Strong-arming China's success
The Globe [Tuesday, November 23, 2004 12:58]
The dark side of the boom recalls fascist states of the '20s and '30s, says Tibetan writer JAMYANG NORBU
China's stunning economic boom has more than vindicated the hopes and predictions of investors and experts. Yet one small postscript, almost an afterthought, that often accompanied these prognostications has signally failed to materialize.
Capitalism and free trade have not brought democracy to China, and show no sign of doing so. Two months ago, in a speech to the nation, president Hu Jintao categorically rejected democracy for China. In December of 1998, then president Jiang Zemin did exactly the same.
Behind the glittering coastal skylines of state-of the-art modern buildings and futuristic infrastructure projects, China is one of the last countries in the world without a functioning parliament. A National People's Congress does convene for 10 days a year, but it has no building of its own, no permanent staff or offices. More significantly, as a New York Times report on the 16th Congress of 2002 noted, there is no debate and "the 2,114 . . . members sat in places assigned to them based on rank, and read from reports that expressed fealty to senior party leaders."
According to Jasper Becker, the Beijing bureau chief of the South China Morning Post, Chinese leaders are quietly remaking China into a fascist state bearing a striking resemblance to its 1920s and '30s predecessors, "the kind of highly nationalistic right-wing dictatorship that emerged . . . in Germany, Spain, Japan, Romania and, most notably, Italy. Since at least the late '80s, CCP [Chinese Communist Party] leaders have instituted economic programs recalling fascist ideas of 'planned capitalism.' To complement its economic policies, the CCP has developed a neo-fascist political program of mass rallies, nationalist indoctrination, and party control over private lives."
In the 1930s, Germany managed -- behind the glitter of economic success, grandiose public buildings, infrastructural wonders (such as the autobahn) and the spectacular Berlin Olympiad -- to conceal from foreign visitors and admirers the concentration camps full of socialists, homosexuals, labour leaders, Jehovah's Witnesses, Gypsies and Jews.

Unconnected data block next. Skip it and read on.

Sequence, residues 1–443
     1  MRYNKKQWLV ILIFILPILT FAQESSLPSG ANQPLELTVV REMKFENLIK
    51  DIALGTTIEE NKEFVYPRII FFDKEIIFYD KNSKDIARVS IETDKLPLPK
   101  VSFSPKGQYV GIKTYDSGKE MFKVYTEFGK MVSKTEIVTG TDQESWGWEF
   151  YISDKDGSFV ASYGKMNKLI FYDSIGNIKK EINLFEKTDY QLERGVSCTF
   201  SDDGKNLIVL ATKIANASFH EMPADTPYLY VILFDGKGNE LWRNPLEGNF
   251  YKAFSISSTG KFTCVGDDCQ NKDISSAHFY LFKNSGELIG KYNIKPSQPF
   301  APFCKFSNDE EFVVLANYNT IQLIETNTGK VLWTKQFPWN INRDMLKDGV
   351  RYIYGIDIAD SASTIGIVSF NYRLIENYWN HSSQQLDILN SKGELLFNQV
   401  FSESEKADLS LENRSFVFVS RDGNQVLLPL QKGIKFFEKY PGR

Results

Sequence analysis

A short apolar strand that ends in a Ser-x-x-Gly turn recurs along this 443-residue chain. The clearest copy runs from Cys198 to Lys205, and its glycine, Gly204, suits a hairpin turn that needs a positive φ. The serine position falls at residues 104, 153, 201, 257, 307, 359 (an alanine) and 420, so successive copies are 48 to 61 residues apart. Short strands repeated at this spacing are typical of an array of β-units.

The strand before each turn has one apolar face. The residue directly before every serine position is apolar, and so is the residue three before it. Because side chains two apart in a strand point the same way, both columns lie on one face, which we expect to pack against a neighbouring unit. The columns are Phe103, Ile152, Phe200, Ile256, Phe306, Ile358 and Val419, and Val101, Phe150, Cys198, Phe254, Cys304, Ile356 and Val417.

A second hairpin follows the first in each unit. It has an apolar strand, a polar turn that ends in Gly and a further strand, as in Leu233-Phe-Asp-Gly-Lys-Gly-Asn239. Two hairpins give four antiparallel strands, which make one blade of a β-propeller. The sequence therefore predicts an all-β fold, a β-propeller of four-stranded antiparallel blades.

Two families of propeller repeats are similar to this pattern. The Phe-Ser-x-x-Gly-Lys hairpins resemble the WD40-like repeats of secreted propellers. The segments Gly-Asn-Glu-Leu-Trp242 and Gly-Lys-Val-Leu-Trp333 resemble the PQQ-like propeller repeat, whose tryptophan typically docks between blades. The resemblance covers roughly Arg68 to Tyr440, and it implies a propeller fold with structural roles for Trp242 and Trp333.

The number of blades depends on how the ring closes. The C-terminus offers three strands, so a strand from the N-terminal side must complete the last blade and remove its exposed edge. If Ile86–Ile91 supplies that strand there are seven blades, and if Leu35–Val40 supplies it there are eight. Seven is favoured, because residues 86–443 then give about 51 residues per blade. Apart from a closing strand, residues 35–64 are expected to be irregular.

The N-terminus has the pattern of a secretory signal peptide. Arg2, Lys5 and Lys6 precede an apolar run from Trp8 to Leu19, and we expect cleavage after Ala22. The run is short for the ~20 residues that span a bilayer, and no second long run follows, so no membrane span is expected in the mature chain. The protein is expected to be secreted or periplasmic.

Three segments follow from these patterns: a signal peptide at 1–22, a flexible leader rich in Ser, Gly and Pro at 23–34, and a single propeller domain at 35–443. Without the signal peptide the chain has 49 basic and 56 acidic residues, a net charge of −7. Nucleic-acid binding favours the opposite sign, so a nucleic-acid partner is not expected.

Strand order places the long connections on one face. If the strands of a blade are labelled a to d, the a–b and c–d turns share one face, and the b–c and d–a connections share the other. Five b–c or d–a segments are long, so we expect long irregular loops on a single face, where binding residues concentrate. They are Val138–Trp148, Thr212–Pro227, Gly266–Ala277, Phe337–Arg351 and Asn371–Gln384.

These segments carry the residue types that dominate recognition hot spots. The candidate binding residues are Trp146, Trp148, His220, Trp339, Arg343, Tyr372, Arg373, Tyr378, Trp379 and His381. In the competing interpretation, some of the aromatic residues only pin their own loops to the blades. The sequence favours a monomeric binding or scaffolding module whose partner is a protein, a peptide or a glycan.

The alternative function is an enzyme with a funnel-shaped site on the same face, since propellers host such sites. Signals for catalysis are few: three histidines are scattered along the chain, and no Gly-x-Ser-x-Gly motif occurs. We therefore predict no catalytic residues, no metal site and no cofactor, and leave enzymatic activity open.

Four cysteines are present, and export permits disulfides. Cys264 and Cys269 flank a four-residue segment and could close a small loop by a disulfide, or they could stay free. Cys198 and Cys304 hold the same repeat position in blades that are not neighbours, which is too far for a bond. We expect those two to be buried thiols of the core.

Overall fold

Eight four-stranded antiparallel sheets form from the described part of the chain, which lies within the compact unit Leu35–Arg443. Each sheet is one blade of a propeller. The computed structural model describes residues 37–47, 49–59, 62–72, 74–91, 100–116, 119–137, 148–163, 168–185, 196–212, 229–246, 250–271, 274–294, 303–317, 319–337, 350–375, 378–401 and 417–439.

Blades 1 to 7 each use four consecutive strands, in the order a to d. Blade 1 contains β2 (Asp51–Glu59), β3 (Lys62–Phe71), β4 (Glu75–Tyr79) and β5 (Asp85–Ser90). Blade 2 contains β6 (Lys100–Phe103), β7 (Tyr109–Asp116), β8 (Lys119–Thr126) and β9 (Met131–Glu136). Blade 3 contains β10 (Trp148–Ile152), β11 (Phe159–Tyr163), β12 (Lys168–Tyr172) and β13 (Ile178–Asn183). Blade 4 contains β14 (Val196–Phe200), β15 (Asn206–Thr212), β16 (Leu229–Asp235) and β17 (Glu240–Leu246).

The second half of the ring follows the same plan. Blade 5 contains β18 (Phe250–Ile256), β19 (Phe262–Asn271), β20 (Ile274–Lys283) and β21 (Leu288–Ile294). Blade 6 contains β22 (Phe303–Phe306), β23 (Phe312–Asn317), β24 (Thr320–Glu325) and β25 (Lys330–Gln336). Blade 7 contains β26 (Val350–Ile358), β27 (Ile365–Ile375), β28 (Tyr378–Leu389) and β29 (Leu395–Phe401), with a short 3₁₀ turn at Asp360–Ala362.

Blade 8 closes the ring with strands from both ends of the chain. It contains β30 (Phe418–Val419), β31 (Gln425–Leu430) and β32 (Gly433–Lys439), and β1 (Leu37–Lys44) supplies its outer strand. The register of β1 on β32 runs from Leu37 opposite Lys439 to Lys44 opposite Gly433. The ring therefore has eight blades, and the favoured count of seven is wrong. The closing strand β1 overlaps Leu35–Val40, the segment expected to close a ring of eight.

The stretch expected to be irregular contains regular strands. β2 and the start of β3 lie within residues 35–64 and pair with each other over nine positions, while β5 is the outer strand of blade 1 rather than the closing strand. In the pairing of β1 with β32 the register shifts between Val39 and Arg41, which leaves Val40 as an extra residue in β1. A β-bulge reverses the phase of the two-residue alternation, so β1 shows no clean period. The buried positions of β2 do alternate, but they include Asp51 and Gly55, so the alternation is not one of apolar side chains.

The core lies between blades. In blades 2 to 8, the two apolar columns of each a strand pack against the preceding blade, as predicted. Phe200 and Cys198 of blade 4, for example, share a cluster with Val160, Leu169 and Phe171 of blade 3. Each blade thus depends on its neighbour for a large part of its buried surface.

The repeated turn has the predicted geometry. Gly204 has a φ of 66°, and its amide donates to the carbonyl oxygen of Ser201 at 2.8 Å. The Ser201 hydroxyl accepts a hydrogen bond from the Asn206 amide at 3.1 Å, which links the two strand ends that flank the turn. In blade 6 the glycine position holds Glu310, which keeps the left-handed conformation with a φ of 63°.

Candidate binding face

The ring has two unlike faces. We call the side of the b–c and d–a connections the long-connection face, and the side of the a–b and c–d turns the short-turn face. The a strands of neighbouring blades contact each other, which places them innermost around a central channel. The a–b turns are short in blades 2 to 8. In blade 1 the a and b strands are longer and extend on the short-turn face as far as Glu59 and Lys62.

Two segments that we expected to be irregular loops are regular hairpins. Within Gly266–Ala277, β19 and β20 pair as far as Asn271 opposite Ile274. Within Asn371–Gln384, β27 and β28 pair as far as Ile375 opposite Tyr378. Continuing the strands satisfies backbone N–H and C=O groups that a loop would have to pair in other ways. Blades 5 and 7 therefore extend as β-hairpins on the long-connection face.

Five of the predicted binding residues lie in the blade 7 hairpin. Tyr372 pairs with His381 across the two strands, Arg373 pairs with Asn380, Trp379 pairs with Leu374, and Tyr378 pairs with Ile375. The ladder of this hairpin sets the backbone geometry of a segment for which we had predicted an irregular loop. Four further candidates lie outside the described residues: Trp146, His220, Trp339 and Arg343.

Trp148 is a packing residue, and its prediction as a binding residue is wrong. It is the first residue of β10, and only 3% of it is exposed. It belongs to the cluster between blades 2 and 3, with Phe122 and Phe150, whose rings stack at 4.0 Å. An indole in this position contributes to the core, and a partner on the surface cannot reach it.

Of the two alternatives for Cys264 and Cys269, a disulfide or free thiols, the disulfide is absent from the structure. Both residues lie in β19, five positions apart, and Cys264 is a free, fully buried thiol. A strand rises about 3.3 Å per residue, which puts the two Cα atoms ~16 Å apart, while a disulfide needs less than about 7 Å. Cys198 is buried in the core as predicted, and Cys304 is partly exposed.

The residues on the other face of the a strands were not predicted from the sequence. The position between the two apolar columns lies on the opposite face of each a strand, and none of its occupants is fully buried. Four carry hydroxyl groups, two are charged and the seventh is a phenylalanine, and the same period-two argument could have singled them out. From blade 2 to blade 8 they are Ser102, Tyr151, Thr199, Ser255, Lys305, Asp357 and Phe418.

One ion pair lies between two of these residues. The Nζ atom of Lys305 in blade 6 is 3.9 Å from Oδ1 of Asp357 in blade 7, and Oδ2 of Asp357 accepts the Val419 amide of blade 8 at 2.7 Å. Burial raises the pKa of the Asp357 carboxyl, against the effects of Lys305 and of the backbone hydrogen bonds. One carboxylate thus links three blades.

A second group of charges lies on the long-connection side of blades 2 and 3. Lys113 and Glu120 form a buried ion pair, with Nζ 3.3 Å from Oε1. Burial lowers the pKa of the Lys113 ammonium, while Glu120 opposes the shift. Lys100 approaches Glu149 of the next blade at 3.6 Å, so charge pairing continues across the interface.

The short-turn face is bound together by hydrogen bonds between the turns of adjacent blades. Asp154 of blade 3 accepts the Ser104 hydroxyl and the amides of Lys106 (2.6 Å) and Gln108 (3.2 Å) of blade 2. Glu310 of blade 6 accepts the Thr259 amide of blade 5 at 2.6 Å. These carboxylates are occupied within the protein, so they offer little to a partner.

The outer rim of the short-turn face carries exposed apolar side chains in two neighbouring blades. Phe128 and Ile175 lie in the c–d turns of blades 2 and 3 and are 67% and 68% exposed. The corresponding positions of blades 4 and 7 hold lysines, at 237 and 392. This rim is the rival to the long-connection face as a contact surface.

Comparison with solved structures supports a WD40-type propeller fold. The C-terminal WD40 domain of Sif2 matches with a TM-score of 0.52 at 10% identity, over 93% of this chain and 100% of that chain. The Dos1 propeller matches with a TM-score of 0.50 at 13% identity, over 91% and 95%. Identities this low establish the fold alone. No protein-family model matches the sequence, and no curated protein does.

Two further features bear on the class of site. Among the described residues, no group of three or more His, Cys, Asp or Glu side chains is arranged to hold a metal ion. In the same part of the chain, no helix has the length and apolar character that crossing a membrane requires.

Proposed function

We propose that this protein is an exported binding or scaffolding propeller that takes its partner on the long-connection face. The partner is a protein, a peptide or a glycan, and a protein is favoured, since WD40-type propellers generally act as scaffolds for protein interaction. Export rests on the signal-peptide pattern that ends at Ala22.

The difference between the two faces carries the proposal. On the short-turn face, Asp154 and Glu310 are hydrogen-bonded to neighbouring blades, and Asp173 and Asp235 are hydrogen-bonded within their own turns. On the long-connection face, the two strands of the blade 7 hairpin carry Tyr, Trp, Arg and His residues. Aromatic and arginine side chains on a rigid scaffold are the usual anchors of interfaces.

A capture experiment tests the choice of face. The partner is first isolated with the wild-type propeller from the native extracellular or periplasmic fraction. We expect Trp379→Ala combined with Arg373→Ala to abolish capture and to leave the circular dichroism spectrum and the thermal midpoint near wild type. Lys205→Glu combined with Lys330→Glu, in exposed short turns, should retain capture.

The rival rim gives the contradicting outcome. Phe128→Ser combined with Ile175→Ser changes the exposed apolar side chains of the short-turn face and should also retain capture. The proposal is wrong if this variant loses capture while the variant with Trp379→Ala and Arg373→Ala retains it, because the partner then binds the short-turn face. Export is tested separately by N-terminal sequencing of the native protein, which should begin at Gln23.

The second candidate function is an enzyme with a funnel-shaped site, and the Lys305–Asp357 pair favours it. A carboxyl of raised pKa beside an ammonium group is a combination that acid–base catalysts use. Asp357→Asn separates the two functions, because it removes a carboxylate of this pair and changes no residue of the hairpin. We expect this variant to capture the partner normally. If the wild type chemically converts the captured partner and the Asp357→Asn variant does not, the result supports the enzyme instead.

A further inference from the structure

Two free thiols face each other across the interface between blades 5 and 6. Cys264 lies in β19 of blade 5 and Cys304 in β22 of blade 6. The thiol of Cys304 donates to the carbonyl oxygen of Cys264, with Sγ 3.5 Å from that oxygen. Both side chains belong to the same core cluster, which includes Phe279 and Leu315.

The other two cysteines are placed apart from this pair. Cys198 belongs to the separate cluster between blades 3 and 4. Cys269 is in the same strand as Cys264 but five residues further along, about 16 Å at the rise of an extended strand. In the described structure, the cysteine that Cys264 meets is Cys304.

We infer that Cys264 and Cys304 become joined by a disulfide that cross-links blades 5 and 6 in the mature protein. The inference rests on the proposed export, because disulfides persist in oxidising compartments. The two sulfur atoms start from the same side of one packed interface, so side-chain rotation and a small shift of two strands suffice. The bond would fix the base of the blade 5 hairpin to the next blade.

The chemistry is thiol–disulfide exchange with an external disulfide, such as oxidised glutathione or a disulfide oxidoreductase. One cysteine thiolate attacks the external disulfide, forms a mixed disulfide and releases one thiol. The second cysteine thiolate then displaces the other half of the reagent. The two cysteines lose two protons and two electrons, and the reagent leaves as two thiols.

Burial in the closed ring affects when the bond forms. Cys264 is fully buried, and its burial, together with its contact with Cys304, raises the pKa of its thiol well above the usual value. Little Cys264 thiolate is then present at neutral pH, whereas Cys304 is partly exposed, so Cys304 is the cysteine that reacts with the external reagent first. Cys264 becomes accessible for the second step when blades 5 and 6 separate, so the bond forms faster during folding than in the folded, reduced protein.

China still has the Laogai, that vast network of slave labour camps, and the human-rights abuses that disturbed the world in the '80s and '90s -- forced abortions, commercial harvesting of transplant organs of executed prisoners, and repression of all major religions -- still go on. A revered Tibetan lama awaits execution. Persecution of Catholics has so intensified that the Vatican, in a break with its previous conciliatory policy, denounced China in June over the arrests of three Roman Catholic bishops. Besides Falun Gong, other indigenous religious groups face persecution in China. In Falun Gong: The End of Days, Maria Hsia Chang, of the University of Nevada, tells us that "185 different qigong groups were 'wiped out' in Shaanxi province alone in 2000."
The most recent category of restrictions on individual freedom in China is Internet censorship -- the world's tightest, according to a 2002 Harvard Law School study -- enforced by a 30,000-strong Internet police force. Just this year, regulations were issued to Chinese cellphone companies to police and filter text messages. Some experts feel this may have to do with the widespread text messaging in the winter of 2003 that exposed the government's cover-up of the SARS outbreak.
In the past few years, disturbing reports of China's psychiatric persecution of political prisoners have appeared. A publication of Human Rights Watch, Dangerous Minds by Robin Munro, describes police-run psychiatric custodial institutions known as the Ankang (Peace and Health), where dissidents, Falun Gong members, and labour activists, among others, are medicated and possibly even subjected to psycho-surgery.
Perhaps nowhere in the world are the rights of labour more trammelled than in China. Last December, The New York Times published a lengthy report on China's "captive unions." It described how "police crush efforts to set up independent unions as threats to the Communist Party," and how "the sole legal state-run union is a charade, a feckless bureaucracy that has only the pretense of representing the proletariat."
China's export industries draw on a vast work force of 150 million migrant workers who typically do not possess registration papers. China's household registration, or hukou, system gives workers few rights or recourse to protection once they leave their designated place of residence. In a country where labour has no rights to begin with, unregistered migrant labour is the easiest of prey to greedy employers, brutal policemen and corrupt officials.
The proliferation of non-registered migrant labour has given rise in numerous parts of China to the revival of actual slavery. Operators typically lure unsuspecting peasants with promises of high pay, good food and housing. Once there, they confiscate their identity papers and lay down strict rules of movement. Through threats of violence or death, victims are forced to work for starvation wages. "Once people have lost their personal freedom and are being threatened with violence, their calculations change," says economist Hu Shudong, of the China Economic Research Centre at Beijing University. "They are happy to get just one extra piece of bread or to avoid a beating."
There is a dark side to China's economic boom. The human-rights violations are obvious. Less evident, perhaps, but more disturbing is the new road map that China's success is offering to other nations: industry without free labour, capitalism without democracy, and uncritical acceptance by the world as long as profits are satisfied.